Beef focus: Stabilisers increasing profits on Co. Tipperary suckler farm

Farming in Longford Pass, Co. Tipperary, Sean Hayden and his family run a herd of 97 spring-calving suckler cows on approximately 120ac. However, this is a suckler herd with a difference.

Originally, Hayden ran a herd of continental cows and operated a standard suckler-to-beef system. Young bulls were finished under 16 months, while steers and heifers were slaughtered under 30 months-of-age.

In 2013, Hayden was invited to visit Stabiliser breeder Billy O’Kane’s farm near Ballymena, Co. Antrim. Impressed with his lifestyle, herd performance and profits, Hayden decided to take the plunge and invest in his first Stabiliser bull.

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Sean Hayden and his daughter Lilly

“I was impressed with a number of things with the Stabiliser breed. Their docility; their ease of calving; the 24 month calving date; and their low maintenance attributes made them appealing to me. I used the bull on my existing herd of continental cows in 2013 and I haven’t looked back since.”

Hayden’s ‘multiplier herd’ of Stabiliser cattle is run under the guidance of the Stabiliser Cattle Company (SCC). He also runs a separate haylage enterprise on the farm.

The Stabiliser breed

Originally, Stabilisers were a four-way cross between Hereford, Red Angus, Simmental and Gelbvieh (a German cattle breed), with an equal share of 25% of each breed.

Other breed populations are constantly being sampled to see if they can strengthen the modern Stabiliser.

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The Stabiliser Cattle Company’s Richard Fuller introduced the breed to the UK in 1997; he bought 100 embryos from the US and set up the SCC.

Hayden commented on the genetics of the Stabilisers: “In America, they are bred for hardiness and toughness. I’ve been to US and seen what they can survive on feed wise. They are a very low maintenance breed.

In Ireland, they perform extremely well because of the feed they get. They would be bred to survive on very little. They are spoilt with the quality feed over here.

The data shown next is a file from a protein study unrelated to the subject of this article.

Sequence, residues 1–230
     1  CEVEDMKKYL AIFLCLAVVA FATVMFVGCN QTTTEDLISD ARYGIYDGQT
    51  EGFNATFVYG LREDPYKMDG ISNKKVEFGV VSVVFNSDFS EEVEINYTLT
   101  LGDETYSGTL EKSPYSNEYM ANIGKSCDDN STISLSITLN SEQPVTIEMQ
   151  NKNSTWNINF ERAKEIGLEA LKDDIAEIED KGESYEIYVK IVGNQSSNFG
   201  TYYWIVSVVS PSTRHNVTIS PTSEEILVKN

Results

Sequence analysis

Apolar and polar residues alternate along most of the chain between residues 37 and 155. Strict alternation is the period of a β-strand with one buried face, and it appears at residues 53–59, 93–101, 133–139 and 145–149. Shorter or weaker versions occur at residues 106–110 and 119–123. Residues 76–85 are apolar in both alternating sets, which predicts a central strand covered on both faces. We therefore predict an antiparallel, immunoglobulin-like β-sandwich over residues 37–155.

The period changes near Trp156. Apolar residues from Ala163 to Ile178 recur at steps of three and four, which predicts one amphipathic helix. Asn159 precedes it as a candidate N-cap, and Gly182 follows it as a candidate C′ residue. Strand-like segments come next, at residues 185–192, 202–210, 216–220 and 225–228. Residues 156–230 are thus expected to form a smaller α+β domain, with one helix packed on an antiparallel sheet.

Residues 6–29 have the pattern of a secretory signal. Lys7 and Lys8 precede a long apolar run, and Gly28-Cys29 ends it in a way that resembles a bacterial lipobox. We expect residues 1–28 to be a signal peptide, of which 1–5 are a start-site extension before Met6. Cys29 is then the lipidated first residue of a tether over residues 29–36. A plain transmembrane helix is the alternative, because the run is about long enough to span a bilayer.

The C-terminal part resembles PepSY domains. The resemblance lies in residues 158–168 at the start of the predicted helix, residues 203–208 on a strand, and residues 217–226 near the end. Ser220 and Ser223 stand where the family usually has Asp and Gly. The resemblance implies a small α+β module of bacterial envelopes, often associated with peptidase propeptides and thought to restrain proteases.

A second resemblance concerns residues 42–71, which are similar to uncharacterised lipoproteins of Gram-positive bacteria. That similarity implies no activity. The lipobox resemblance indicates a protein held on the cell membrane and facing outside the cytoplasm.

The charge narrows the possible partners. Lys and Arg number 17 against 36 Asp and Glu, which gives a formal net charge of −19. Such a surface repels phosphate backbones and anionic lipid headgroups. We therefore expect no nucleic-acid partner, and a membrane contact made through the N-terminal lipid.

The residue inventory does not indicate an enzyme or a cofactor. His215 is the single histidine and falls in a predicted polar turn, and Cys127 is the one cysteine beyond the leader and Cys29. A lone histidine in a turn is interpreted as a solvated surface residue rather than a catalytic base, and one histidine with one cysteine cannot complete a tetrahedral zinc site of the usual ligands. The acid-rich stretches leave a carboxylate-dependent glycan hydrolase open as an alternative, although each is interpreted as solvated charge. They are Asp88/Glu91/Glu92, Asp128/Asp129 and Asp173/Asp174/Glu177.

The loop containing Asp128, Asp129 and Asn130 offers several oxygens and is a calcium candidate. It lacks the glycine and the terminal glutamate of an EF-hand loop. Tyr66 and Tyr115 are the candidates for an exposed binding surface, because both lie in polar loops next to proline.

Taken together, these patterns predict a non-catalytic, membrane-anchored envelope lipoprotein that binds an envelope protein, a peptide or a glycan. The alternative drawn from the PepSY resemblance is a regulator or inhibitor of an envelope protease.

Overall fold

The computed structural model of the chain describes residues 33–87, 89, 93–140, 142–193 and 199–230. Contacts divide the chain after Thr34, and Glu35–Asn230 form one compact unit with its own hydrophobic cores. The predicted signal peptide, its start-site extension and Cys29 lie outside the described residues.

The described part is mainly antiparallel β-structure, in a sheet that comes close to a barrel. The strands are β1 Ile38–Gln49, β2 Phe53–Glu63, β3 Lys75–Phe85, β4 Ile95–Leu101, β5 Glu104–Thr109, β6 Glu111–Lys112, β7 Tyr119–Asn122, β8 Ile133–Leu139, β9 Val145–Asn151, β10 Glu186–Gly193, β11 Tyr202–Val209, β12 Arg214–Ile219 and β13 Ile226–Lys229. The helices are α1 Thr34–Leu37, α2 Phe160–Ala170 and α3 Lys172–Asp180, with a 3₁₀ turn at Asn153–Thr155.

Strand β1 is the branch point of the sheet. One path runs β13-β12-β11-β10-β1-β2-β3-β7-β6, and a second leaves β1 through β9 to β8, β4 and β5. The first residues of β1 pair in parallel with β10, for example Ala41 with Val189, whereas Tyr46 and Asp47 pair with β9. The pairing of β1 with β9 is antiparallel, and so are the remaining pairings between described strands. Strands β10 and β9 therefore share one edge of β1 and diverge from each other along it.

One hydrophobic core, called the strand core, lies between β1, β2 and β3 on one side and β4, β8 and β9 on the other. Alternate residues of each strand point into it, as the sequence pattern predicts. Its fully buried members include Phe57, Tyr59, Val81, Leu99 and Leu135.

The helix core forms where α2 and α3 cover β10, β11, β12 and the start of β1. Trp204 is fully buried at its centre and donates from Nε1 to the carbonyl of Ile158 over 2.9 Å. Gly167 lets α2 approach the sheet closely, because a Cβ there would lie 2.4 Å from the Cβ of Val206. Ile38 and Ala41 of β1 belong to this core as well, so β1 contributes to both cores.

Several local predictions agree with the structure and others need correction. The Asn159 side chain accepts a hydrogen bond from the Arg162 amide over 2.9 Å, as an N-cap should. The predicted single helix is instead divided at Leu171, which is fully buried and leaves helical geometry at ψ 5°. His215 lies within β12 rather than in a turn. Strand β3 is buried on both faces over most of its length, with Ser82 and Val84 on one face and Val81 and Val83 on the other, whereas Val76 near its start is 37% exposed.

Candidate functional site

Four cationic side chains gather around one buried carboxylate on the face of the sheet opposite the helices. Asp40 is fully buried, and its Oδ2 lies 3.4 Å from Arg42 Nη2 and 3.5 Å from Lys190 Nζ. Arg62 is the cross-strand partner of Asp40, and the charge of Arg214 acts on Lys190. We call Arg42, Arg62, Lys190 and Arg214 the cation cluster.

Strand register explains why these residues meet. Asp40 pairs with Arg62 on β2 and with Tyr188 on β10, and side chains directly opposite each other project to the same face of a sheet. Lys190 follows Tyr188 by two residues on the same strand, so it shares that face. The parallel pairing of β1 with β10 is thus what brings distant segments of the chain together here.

He continued: “They are an ideal breed for large numbers or part-time farmers, as they are very easily managed.”

Additions to the herd

After a successful first year running the stabiliser bull with his existing herd, Hayden purchased another purebred bull and 10 purebred heifers from the UK.

In 2015, another 10 purebred heifers were purchased. These amounted to approximately €1,800 each. Hayden now runs 40 continentals, 32 half-bred stabilisers and 25 purebred cows. Four purebred Stabiliser bulls are also found on the farm.

Replacement heifers are bred on the farm and some suitable heifers are sold for breeding.

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All purebred bulls are fertility tested and given the ‘once over’ by a vet before sale. Other bulls are finished under 16-months-of-age. The end goal is to run a 120 cow purebred Stabiliser herd.

Next year, Hayden plans to try and finish a batch of steers off grass; aiming for finish under 20 months of-age.

I don’t think it will be a problem. They show great growth potential and I think they will easily make this target.

Breeding and calving

Hayden recalled his experiences with his continental-dominated herd over the years stating: “I had problems with calving difficulty and some of the cows were a little wild.

“The calves are small and hardy and weigh about 35kg. They get up and suck straight away. It’s almost like running a dry stock farm,” he laughed.